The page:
Lauren Halsey Installation at MOCA Grand Avenue, Los Angeles
DAVID KORDANSKY GALLERY announced its representation of artist Lauren Halsey yesterday, describing her as “one of the most important new voices to emerge from Los Angeles.” Earlier this year, Halsey presented a site-specific installation at the Museum of Contemporary Art, Los Angeles (MOCA), participated in Made in L.A. 2018 at the Hammer Museum, and won the biennial’s $100,000 Mohn Award.
Halsey works at the intersection of art, architecture, fantasy and community engagement. Her artworks, immersive installations, and site-specific projects pay homage to the people and places that are important to her and address the social justice issues with which people of color, the queer community, and the working class are particularly concerned.
“Combining found, fabricated, and handmade objects, Halsey’s work appears in a variety of modes but always maintains a sense of civic urgency and free-flowing imagination…” the gallery said.
“Critiques of gentrification and disenfranchisement are accompanied by real-world, actionable proposals as well as irreverent celebration of on-the-ground aesthetics. Inspired by Afrofuturism, fantasy architecture, and funk, as well as the signs, symbols, and spaces that populate her local environments, Halsey creates a visionary form of culture that is at once radical and collaborative.”
“Lauren Halsey’s work appears in a variety of modes but always maintains a sense of civic urgency and free-flowing imagination…”
AFTER EARNING HER BFA from the California Institute of the Arts in 2012, Halsey completed her MFA at Yale University (2014). She was an artist-in-residence at the Studio Museum in Harlem (2014-15) and won The William H. Johnson Prize in 2017. She lives and works in Los Angeles, where she was born and raised and has found support and recognition for her work.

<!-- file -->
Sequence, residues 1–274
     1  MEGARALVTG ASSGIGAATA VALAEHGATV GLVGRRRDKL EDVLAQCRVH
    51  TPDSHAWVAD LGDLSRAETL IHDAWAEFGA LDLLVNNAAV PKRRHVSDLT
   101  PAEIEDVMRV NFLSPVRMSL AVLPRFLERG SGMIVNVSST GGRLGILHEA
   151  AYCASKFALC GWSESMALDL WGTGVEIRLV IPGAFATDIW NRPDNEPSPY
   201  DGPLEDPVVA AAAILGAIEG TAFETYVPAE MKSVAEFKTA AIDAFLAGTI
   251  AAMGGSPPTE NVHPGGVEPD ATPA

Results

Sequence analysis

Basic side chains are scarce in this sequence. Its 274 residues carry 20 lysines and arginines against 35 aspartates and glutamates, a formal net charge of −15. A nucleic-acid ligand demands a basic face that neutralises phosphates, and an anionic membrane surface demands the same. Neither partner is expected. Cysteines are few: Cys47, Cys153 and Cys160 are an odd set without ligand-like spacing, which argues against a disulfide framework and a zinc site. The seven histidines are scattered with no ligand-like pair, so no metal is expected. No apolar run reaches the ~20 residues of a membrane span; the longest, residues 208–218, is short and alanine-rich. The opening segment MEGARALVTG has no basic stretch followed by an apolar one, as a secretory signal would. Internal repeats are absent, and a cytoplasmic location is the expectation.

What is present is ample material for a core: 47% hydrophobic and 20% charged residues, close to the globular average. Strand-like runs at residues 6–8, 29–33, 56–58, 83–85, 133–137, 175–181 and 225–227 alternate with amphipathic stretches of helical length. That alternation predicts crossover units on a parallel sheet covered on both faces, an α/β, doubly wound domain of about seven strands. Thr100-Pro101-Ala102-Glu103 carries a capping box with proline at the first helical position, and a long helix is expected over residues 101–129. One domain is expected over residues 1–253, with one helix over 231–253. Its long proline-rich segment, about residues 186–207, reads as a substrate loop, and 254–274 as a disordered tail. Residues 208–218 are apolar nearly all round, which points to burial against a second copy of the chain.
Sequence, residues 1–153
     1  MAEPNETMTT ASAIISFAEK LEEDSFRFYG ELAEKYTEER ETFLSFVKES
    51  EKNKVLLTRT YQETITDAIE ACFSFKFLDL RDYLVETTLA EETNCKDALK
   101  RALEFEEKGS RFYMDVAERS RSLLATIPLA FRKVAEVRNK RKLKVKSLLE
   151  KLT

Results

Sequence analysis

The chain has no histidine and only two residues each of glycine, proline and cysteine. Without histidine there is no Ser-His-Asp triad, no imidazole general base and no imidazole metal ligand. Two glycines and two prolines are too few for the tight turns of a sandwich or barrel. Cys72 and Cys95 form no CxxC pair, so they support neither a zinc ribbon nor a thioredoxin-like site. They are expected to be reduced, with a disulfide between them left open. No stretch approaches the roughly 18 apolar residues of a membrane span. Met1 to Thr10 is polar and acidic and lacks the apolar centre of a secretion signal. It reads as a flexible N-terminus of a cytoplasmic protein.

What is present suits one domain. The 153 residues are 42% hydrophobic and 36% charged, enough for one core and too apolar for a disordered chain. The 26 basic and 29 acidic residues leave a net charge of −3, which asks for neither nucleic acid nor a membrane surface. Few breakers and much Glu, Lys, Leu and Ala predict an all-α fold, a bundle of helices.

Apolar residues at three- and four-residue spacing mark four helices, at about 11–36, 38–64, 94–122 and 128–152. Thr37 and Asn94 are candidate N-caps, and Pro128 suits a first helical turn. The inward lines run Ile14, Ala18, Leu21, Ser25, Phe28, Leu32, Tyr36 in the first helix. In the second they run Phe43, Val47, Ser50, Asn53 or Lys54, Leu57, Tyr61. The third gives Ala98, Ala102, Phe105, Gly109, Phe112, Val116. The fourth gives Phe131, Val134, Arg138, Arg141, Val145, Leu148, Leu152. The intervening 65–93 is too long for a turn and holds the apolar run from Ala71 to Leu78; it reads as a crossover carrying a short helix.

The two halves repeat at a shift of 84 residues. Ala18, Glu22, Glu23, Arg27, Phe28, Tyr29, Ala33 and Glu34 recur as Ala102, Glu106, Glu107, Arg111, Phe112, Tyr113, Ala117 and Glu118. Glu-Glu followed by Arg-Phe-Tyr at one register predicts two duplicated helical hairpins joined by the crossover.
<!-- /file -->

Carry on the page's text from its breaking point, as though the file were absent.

Since the 1950s, generations of Halsey’s family have resided in the South Central region of the city, which figures prominently in her practice. “I love it. It’s beautiful. It’s complicated,” she has said.
At MOCA Grand Avenue, Halsey created an immersive installation, composed of intertwining caves framed with free-form architecture. Rugs featuring animal prints, Ankh symbols, and a black panther lined the floor and a series of objects and vignettes were placed throughout the environment, which served “as a visionary archive reflecting the diversity of everyday black cultural experiences.”
Titled “we still here, there,” it was her first solo museum exhibition. Halsey continued to work on the MOCA installation throughout its run, changing and transforming it. She likened it to a “maximalist South Central paradise.”
Installation view of LAUREN HALSEY, “The Crenshaw District Hieroglyph Project (Prototype Architecture),” 2018, Made in L.A. 2018, Hammer Museum, Los Angeles. | Photo by Brian Forrest, Courtesy of the Hammer Museum, Los Angeles and David Kordansky Gallery, Los Angeles
Installation view of LAUREN HALSEy, “The Crenshaw District Hieroglyph Project (Prototype
Architecture),” 2018, Made in L.A. 2018, Hammer Museum, Los Angeles. | Photo by Brian Forrest, Courtesy of the Hammer Museum, Los Angeles and David Kordansky Gallery, Los Angeles